Tula Orthodox Open; Church NGOs being Checked

Vitaly Vlasenko: Entering through Open Doors


“Many Orthodox doors are open to Baptists and it is very important that we locate those doors and pass through them.“ That was one comment made by Rev. Vitaly Vlasenko, Director of External Church Relations for the “Russian Union of Evangelical Christians-Baptists” (RUECB), following a hearty reception by Alexy (Kutepov) , the Metropolitan of Tula and Yefremov, in Tula on 31 May. Much to the surprise of Vlasenko and the two local Baptist pastors accompanying him, the Metropolitan had gathered 25 to 30 other Orthodox clergy, all members of the Tula eparchy (south of Moscow), for the meeting.


It was an initial getting-acquainted session and Vlasenko made it a point in his speech to stress the commonalties: the joint belief in Christ as Saviour, the struggle for traditional marriage and family values, as well as the fact that that all of them share a common (Russian) nationality. Regarding the claim that all of Russia is the canonical territory of the Russian Orthodox Church, Vlasenko attempted to point out that canonical territory can only refer to the heart and mind – not geography.


Rev. Vlasenko reported afterward: “We want the congregations from both sides in Tula region to get to know each other; they should exchange email and phone numbers. Instead of guessing who the other side might be, we will then have faces of concrete people with concrete opinions in mind. We want to show them respect and hope to be respected in return.”





The Government Checked Out Religious NGOs After All


Initially, religious organisations had been excluded from the new Russian legislation intended to restrict the activities of foreign-funded, non-governmental organisations (NGOs). But thousands of them – including Orthodox organisations and individual Protestant congregations – were visited by government officials during April and May. The Oslo-based religious freedom watchdog “Forum 18” spoke though only of a “mixed response to sweeping government checks”. It added: "In some regions, Public Prosecutor employees are quite zealous. But the majority of them did their work quite formally, understanding that they just needed to submit reports saying they had checked." Protestant leaders described themselves as unconcerned. A Charismatic pastor claimed: “The inspections were conducted tactfully. As far as I know, no one had any problems."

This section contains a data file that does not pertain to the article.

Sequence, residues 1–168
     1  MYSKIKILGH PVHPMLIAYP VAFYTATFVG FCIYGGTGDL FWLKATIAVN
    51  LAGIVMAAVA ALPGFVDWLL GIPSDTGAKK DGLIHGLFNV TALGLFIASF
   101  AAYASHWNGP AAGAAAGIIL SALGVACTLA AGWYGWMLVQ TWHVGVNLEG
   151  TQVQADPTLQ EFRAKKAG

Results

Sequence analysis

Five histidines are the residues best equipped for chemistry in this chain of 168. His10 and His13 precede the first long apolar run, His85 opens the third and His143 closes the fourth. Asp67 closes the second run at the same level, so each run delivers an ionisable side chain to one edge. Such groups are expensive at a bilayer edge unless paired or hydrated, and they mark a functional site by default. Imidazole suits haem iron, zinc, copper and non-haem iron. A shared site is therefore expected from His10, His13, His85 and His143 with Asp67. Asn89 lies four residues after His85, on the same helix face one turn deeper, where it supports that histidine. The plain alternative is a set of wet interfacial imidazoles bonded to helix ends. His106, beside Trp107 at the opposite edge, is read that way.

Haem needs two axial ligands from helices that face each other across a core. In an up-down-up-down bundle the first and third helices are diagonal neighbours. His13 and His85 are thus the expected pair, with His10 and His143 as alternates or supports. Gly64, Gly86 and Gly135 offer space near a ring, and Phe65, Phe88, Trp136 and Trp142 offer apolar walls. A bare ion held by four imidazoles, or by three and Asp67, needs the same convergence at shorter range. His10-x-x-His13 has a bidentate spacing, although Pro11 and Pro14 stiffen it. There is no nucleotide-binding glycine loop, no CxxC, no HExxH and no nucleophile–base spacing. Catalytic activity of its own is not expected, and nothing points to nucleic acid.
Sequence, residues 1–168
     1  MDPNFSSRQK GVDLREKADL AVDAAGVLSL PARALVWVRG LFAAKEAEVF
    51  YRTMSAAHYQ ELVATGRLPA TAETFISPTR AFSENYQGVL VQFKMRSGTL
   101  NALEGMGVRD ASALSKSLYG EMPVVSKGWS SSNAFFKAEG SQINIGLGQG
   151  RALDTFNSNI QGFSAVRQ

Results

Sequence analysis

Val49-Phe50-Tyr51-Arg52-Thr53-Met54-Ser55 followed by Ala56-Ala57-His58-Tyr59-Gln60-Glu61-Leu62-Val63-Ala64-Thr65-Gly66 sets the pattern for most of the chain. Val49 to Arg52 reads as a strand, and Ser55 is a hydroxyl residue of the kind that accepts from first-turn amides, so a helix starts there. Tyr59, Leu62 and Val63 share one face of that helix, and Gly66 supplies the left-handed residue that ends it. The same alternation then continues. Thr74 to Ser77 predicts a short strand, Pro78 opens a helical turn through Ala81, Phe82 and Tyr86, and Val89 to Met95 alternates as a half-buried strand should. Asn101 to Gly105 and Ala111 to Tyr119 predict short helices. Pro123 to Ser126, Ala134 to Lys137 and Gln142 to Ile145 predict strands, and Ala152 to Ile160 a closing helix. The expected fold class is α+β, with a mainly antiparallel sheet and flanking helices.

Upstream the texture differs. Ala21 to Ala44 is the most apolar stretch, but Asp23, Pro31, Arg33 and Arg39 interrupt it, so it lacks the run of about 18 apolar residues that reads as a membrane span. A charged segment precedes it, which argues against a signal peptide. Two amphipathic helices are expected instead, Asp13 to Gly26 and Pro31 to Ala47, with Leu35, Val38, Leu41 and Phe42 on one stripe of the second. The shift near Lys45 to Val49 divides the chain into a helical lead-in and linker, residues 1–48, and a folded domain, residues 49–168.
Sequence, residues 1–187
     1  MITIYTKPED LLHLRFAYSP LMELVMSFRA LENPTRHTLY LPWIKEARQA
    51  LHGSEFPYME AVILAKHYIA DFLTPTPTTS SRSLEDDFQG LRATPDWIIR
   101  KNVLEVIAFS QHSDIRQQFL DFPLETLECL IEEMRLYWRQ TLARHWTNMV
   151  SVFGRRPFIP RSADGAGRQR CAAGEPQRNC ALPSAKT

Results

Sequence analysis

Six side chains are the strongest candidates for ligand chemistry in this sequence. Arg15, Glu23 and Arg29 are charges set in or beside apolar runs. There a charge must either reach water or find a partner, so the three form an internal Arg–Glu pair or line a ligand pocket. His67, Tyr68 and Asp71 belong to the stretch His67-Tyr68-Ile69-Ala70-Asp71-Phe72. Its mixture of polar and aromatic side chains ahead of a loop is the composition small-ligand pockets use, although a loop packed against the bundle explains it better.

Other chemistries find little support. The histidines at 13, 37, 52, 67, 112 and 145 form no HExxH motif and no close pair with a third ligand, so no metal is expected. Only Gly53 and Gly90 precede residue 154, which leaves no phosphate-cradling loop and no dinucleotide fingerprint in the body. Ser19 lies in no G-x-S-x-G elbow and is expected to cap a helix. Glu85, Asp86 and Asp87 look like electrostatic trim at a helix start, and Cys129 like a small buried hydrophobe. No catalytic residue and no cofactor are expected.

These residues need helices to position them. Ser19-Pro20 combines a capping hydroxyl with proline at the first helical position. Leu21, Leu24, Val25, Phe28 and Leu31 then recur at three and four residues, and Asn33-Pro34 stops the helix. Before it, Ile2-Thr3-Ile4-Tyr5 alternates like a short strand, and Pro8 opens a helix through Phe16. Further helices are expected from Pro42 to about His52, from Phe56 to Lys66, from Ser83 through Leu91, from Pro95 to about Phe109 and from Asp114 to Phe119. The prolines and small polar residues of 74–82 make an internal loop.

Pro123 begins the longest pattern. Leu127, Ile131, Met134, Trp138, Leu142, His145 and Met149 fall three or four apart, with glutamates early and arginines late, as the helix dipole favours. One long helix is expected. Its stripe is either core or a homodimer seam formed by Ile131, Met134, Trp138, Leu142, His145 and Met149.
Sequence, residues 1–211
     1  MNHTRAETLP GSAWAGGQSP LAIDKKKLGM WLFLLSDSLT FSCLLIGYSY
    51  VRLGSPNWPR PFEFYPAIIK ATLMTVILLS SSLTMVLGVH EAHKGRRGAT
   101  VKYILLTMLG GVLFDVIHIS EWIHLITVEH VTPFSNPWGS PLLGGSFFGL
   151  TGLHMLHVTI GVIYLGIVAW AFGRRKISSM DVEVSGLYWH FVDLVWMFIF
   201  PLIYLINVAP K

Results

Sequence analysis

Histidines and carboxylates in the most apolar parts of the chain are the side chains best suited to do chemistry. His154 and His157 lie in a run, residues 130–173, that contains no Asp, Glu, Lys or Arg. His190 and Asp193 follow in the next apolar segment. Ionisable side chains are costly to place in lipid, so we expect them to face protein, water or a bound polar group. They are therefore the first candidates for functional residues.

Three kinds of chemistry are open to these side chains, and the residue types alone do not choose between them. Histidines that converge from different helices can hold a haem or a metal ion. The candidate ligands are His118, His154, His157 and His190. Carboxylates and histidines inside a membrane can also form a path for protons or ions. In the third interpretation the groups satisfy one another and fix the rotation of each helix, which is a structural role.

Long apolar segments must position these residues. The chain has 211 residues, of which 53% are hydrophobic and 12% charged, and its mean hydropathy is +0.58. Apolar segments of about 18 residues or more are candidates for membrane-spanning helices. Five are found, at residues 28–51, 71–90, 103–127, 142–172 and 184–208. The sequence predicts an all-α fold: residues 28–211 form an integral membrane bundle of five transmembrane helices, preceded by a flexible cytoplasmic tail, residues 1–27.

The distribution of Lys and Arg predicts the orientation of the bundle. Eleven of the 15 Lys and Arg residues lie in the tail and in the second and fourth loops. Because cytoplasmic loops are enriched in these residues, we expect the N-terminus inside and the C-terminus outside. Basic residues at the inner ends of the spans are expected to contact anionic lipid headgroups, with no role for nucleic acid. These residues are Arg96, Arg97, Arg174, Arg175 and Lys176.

Serious problems had occurred previously in November 2012. In the course of a surprise check, government forces including riot police in camouflage with unmuzzled dogs had surrounded and forcibly entered (in some instances) staff quarters at a Protestant rehab centre for drug addicts. They entered at six in the morning, badly frightening approx. 150 sleeping staff members and children. “New Life”, one of Russia’s largest church-run rehabilitation centres, is located in Leningrad Region near the border with Estonia and is run by the big Pentecostal and Charismatic “Associated Russian Union of Christians of Evangelical-Pentecostal Faith” (ROSKhVE).


During the ensuing uproar, Sergey Esipov, the Deputy Prosecutor for Leningrad Region, was fired. Yet the Investigator’s Office refused to lodge criminal charges against the Prosecutor’s Office due to “lack of evidence”. In the court case that followed, the Baptist Anatoly Pchelintsev, head lawyer for Moscow’s “Slavic Legal Centre”, charged the government with illegal entry, illegal arrest and abuse of power. On 26 April, Kingiseppe municipal court judge Ludmila Zhukova ruled in the church’s favour: The refusal to open a criminal case against the Prosecutor’s Office was deemed unconstitutional. Settlements are pending.


William Yoder, Ph.D.

Smolensk, 14 June 2013


Release #13-11